Case Study: Taking A Mobile Home Back

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In last week’s post , I talked about having the long term (quality over quantity) in mind (versus the short term) when doing Lonnie deals.

As an example, here is a home (see pic above) that I recently had to take back.

It’s in a well established, high end park with very strict qualifications – they really take the time to screen. This is in a very desirable park, they even have a waiting list. A lot of families want to live in this park. When a home comes up available, it is filled right away by a quality buyer. These are the types of parks I like to work in.

In any case, I bought the home 2 years ago. It’s a mid 1990s, 2 bedroom/2 bath home, 16×70, in immaculate condition. I bought it from a grad student looking to move out of town – her parents bought it for her 9 years ago and she was finished with school. She wanted a quick sale and wanted to deal with someone who she knew would be serious (do what they say they would do).

The park manager told her about me, we met and after some negotiation – we settled on the deal. I bought it for 8k. (Note: Going into the deal, I already knew the market – I knew this could sell in the lower to mid 20k range (which it did), knew the down payment and monthly payment buyers in the market would be wiling to pay).

Soon after I closed, I found a family to fill the home. It took about a month’s worth of marketing, then the screening of the buyers with me and the park, and the closing paperwork. The buyers put down $1500 (they also had to come up with a deposit and 1st month’s lot rent on top of it), the cash flow was in the $400/month range for a period of 10 years.

These buyers were never late, they kept the home in great condition. The park manager even called me to tell me they re-built the deck and did some landscaping in the yard – it was very nice. They were true homeowners.

After 2 years, they informed me that they wanted to live out in the country and wanted to buy a new home on land. They told me this before they started looking and gave me plenty of notice before their closing. They left the home in great condition.

With the move-out, I worked with the park manager to coordinate things – they left the keys with the park manager. I had the park manager go through the home to make sure everything was in order – she told me it was even upgraded with new flooring on the inside.

Before I even had a sign on the home, a family that I’ve been working with for a couple years now (who also want to live in this park) called me asking about the home. I asked them how they knew it was available. They told me they’ve been going into the office asking the park manager what’s available and found out that way. (These people were very serious about wanting to live in this park. They even filled out an application and paid the fee a year ago without even having a home to buy. They had already been approved – they just needed to find a home).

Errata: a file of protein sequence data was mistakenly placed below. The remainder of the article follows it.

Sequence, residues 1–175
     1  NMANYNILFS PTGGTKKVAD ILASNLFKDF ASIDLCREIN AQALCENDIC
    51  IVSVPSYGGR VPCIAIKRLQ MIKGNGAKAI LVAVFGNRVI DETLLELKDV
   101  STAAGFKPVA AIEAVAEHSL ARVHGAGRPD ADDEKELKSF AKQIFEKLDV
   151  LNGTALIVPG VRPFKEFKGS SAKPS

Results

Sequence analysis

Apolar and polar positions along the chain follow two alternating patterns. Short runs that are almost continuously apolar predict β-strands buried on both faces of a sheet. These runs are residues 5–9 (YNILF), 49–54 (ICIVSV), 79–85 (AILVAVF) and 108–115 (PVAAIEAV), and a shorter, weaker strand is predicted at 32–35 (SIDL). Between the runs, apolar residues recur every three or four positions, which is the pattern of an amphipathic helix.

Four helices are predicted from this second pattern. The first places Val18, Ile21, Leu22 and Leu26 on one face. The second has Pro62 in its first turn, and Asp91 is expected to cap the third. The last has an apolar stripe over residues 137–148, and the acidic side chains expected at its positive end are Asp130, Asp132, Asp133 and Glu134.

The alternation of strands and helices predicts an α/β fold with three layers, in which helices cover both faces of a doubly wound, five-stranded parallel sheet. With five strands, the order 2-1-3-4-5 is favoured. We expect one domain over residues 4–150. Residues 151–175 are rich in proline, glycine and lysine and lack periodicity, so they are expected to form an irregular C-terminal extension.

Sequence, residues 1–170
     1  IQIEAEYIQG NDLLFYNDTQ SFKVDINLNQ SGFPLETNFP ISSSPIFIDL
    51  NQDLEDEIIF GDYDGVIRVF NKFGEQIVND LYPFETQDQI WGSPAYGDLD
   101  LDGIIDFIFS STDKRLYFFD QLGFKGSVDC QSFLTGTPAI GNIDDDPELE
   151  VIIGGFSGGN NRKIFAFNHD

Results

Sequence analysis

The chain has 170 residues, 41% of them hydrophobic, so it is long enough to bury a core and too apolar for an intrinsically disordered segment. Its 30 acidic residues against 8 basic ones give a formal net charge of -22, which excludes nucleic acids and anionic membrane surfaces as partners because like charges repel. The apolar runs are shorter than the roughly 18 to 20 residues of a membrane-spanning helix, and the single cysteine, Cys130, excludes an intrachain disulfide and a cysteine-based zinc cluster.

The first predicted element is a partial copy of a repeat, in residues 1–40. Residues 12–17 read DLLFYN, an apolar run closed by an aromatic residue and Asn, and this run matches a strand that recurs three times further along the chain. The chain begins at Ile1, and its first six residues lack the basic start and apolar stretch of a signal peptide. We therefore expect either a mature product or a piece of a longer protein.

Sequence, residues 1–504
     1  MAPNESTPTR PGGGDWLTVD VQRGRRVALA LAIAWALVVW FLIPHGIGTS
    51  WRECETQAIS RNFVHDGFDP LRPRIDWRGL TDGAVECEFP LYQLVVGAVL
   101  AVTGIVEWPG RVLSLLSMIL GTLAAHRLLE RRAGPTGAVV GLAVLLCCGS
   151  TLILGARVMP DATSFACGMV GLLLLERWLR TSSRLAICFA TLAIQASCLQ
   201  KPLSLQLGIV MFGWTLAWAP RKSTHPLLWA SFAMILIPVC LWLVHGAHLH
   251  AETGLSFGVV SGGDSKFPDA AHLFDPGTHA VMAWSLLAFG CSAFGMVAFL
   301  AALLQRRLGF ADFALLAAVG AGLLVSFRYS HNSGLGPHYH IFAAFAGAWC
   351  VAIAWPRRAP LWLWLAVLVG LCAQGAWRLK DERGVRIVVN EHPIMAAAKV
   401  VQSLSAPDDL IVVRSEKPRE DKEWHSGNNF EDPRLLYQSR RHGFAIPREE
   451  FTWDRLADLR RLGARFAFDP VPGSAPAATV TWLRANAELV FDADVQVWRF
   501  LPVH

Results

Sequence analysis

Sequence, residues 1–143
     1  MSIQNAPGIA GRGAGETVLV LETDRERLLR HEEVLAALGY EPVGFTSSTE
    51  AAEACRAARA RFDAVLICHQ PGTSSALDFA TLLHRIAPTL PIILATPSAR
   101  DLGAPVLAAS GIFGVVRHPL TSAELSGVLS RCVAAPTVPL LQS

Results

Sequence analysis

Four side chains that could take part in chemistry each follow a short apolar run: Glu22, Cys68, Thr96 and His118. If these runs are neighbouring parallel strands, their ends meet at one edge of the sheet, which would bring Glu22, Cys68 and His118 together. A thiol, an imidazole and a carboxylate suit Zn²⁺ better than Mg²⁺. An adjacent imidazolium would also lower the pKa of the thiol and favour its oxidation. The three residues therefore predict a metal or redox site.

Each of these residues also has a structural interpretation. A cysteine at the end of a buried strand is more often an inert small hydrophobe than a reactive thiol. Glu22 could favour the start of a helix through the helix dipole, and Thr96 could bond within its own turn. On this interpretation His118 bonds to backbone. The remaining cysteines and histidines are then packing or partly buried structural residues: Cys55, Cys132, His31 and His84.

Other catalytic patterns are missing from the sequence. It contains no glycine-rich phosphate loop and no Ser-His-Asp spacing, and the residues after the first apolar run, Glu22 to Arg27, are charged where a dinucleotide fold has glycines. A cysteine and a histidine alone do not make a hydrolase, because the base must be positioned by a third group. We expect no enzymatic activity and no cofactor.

Now, this is the funny part. This same family saw the home 2 years ago and at that time told me it was too small for them. Well, I reminded this family this is the same home – they wanted to see it anyways. So, we met and immediately they wanted it. I asked them, “Are you sure? It’s the same home you saw 2 years ago.” They told me it looked much bigger and they really wanted it.

Remembering what the park manager told me about the upgrades made by the previous buyers, I noticed the home did look bigger. The previous buyers opened up the living room area a bit – there used to be a mini bar eating area, this was gone.

Here are the before pics:

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And, here are the after pics:

In any case, this new family immediately filled out the paperwork they needed – they also had to re-apply with the park (as some things could have changed). They got approved, it took about a week. The terms were the same, another $1500 down (they also had to come up with a deposit and 1st month’s lot rent on top of it), and again it cash flows in the $400/month range for 10 years.

Now, I’ve heard horror stories of Lonnie dealers having to take homes back. I’m glad this went smoothly. Looking back on it now, I can truly see it is the type of park that makes a difference in attracting the types of buyers I prefer to work with.

Happy investing!

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Related posts:

  1. Taking A Mobile Home Back
  2. My $2,000 Nightmare
  3. Investing 101: Mobile Homes Vs. Mobile Home Parks
  4. Mobile Home Conference
  5. Taking Action
case study, taking a mobile home back

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